I only recommend specific brands of equipment if I believe they make a material difference to a recipe. If you have any questions feel free to ask them in the comments section below the recipe.

  • Stovetop.
  • Small 15cm or 6″ saucepan.
  • 28cm or 11″ skillet or frying pan.
  • Sharp kitchen knife.
  • Chopping board.
  • Weighing scales and or measuring cups and spoons.
Canned sardine pasta Bolognese with mezzi rigatoni and fresh dill.
Yield: 2 Servings

Sardine Pasta Bolognese Recipe

Prep Time: 5 minutes
Cook Time: 35 minutes
Total Time: 40 minutes

This delicious Bolognese style sardine pasta dish uses canned fish as the base for a rich and boldly flavoured sauce that is just as good on toast as it is stirred through some rigatoni!


  • 250g or 9oz (drained weight) Tinned Sardines in Oil
  • 375ml (½ Bottle) Red Wine
  • 1 (35g) Shallot
  • 1 Garlic Clove
  • 25g (Half of a Stalk) Celery
  • 1 Large (250g) Tomato
  • 100g (½ Cup) Sundried Tomatoes in Olive Oil
  • ½ Tbsp Oil from Tined Sardines
  • ½ Tbsp Oil from Sundried Tomatoes in Olive Oil
  • ¼ Tsp Salt
  • 175g (6oz) Dried Pasta


  1. Heat a small (15cm or 6") saucepan over a high heat and add the red wine and reduce it to around 100ml or just under half of a cup. This will take around 15 minutes.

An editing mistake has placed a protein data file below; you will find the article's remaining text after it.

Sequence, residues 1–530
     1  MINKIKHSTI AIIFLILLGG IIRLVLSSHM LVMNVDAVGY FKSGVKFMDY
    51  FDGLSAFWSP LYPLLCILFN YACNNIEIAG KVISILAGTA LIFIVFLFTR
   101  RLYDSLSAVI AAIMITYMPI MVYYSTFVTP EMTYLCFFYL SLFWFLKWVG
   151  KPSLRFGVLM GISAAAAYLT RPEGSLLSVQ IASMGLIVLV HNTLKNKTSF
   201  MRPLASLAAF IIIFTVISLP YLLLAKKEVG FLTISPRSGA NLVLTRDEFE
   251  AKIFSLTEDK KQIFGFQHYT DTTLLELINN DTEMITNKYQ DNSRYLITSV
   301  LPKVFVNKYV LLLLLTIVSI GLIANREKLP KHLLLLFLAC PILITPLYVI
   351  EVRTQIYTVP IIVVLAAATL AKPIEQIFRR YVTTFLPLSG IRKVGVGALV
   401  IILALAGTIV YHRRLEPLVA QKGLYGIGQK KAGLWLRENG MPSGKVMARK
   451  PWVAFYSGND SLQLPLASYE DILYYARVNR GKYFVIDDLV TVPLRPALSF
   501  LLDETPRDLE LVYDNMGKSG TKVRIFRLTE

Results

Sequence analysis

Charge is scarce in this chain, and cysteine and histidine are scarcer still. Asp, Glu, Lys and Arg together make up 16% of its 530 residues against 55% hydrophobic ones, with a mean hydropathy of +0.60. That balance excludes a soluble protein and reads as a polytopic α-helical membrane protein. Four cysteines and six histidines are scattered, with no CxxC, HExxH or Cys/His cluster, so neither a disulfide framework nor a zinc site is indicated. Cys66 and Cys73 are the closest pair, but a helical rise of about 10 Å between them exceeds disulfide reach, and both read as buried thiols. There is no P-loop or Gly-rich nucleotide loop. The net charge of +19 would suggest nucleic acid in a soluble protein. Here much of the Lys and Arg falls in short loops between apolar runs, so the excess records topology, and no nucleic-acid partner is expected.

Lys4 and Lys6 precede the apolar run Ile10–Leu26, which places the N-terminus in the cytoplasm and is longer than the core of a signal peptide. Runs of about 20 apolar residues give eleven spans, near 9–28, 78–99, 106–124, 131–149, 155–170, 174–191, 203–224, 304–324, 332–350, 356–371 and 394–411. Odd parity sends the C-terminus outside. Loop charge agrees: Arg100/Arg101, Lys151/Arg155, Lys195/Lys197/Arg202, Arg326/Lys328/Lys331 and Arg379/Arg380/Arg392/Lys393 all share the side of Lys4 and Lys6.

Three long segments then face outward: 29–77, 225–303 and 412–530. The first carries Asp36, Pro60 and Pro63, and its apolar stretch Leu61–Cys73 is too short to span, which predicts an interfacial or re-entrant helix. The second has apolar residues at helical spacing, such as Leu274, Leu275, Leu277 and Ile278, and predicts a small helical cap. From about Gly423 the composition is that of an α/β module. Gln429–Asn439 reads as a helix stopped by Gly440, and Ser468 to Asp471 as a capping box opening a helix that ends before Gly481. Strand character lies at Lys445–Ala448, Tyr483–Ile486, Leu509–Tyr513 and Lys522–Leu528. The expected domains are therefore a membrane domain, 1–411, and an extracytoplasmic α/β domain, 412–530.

2. Drain the sardines from the oil preserving half of a tablespoon of the oil.
  3. Peel and dice the shallot as finely as you can.
  4. Peel the garlic and dice it as finely as you can.
  5. Dice the celery as finely as you can.
  6. Cut the tomato into a 1cm (1/2") dice.
  7. Cut the sundried tomatoes into a 5-7mm (1/4") dice.
  8. Heat a medium (28cm or 11") frying pan over a medium heat and add the oils from the tomatoes and sardines.
  9. Add the shallots and celery and soften for 5 minutes stirring occasionally, if they begin to colour turn the heat down a little.
  10. Add the garlic and cook for another minute.
  11. Add the tomatoes, salt and sun-dried tomatoes and cook for 10 minutes or until the fresh tomatoes have had the moisture almost all cooked away.
  12. Pour in the reduced wine and add the sardines and mash the fish with the back of a fork.
  13. Cook the pasta generously in salted water (1 Tbsp for every 4 Litres of water) until al dente.
  14. Cook the ragu on low for as long as it takes to cook the pasta.
  15. Drain the pasta reserving 75ml of the cooking liquid and add the pasta to the ragu.
  16. Stir in as much cooking liquid as needed to form a nice sauce and serve.

Nutrition Information:



Serving Size:


Amount Per Serving: Calories: 787Total Fat: 24gSaturated Fat: 3gTrans Fat: 0gUnsaturated Fat: 18gCholesterol: 178mgSodium: 755mgCarbohydrates: 69gFiber: 10gSugar: 26gProtein: 45g

Calorific details are provided by a third-party application and are to be used as indicative figures only.

Did you make this recipe?

If you made this recipe, I'd love to see what you did and what I can do better, share a picture with me on Instagram and tag me @krumplibrian and tell me how it went!

Gouri Palit

Sunday 12th of March 2023

Brian your recipes are the following

1. Easy 2. Not unnecessary lengthy 3. Inexpensive ingredients 4. Diverse

Thank you for bringing these delicious recipes to my mail box. Grand Rapids, Michigan

Brian Jones

Monday 13th of March 2023

Hey Gouri, glad you like what I do... It's always good to know that the efforts are noticed.